Recently I was asked about how to add a nic to a Vyatta VM, my reply “add it in VMware and reboot”- their response “We cannot reboot”. I asked why they can’t reboot and they said “If we were to reboot this Vyatta (Bring down the Client VPNs) then we would have to send out an email a ton of clients and let them know” – huge ordeal .
So we need to add a nic via VMware, and then have Vyatta recognize that nic right away, with out a reboot. So I added the Nic (see image below) in VMware:
After I add the NIC, I can look on the Vyatta and see it still shows only two NICs.
So, VMware added the nic but Vyatta(debian) never sees it. After trying to ifup/ifdown , service network restart – and many other commands it could never find it.
So, what is needed – we have to rescan the PCI bus to find the nic. Most Linux users are probably like — ya of course you do! But I just reboot and it works. In this case cant reboot.
To Rescan the PCI bus, we have to first change our permissions on that file, echo into that file, than change the permissions back. The commands to do so are:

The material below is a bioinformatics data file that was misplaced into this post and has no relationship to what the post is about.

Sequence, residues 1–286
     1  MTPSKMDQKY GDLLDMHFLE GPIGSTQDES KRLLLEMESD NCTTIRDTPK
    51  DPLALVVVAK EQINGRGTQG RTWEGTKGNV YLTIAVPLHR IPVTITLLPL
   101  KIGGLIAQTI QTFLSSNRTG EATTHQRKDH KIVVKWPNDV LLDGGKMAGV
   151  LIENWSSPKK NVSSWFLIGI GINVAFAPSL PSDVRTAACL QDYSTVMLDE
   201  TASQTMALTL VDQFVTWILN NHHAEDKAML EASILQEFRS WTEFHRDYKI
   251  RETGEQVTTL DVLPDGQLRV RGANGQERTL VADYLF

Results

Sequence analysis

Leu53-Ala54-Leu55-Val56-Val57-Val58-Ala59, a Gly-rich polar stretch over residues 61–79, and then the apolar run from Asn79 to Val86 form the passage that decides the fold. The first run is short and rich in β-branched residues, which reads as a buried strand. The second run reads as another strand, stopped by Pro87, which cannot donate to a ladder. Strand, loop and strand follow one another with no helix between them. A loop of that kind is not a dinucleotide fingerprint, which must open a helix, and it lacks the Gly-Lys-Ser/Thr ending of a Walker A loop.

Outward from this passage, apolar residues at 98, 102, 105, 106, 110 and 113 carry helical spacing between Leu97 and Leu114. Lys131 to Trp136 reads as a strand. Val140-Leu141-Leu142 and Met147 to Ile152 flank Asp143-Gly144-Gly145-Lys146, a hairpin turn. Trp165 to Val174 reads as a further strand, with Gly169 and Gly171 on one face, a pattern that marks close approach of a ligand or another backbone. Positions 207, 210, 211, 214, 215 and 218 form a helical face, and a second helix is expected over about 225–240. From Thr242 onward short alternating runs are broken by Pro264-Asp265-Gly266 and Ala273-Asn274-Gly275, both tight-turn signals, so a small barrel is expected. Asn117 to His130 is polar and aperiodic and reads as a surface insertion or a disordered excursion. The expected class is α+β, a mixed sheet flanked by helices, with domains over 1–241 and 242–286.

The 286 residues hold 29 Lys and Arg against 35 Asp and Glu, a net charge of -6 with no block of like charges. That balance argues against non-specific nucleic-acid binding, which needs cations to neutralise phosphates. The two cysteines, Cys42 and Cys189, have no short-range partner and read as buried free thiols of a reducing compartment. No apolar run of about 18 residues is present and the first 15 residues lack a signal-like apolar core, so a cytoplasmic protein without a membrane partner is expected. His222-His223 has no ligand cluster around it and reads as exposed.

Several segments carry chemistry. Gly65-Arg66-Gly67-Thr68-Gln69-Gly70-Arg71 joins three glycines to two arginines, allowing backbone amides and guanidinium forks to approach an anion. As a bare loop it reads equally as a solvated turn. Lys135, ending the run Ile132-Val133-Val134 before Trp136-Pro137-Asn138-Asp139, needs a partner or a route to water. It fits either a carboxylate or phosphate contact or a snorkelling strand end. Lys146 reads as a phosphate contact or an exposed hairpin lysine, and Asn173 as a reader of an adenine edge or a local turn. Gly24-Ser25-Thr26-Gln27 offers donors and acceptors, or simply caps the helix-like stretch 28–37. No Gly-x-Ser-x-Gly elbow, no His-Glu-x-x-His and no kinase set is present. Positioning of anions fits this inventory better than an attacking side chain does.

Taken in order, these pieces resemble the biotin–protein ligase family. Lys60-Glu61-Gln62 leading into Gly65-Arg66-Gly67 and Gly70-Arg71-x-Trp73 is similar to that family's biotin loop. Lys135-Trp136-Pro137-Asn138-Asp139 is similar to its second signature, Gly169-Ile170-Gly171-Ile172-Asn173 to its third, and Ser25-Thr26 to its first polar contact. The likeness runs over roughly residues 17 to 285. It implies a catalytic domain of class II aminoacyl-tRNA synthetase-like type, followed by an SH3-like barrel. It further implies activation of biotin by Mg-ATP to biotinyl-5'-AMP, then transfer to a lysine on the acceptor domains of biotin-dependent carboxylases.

sudo chmod 0777 /sys/bus/pci/rescan
sudo echo 1 > /sys/bus/pci/rescan
sudo chmod 0220 /sys/bus/pci/rescan
After doing that look at your interfaces:
Now we see the interface and can configure it. This process should work with Debian no problem (since Vyatta is Debian).
Logrotate is a tool that is built into Debian which is really what Vyatta is built on. Logrotate is a tool that allows automatic rotation, compression, removal, and mailing of log files. Each log file may be handled daily, weekly, monthly, or when it grows too large. Recently I had an issue where all the space on my Vyatta was filled up, after some investigation it was the auth.log that had reached a couple hundred mb. After clearing it I was fine. After more investigation I found that auth.log was never in the logrotate config.
Below is an example. In this example if the size of the log file gets above 50m it will copy itself (by rotating), compress the copy and then start logging to the new auth.log. In another 50m it will rotate back. So at most I would have 100m of auth.log.
Sometimes you have multiple nics on a Linux host and need to have one be a backup for anything other than its own subnet. Lets say both these nics have default routes and we need to go out of eth0 by default. There are multiple ways to do this.
One was is to modify the interface config and add a Metric. A lower metric is more preferable.
The command would be:
METRIC 1 (0 is highest, 1 would make it very prefreable)
save the file, then restart networking:
Another way is to use the command ifmetric command to set the metric of the route.
ifmetric INTERFACE [METRIC]
Using the ifmetric I do belive does not set it permenatly.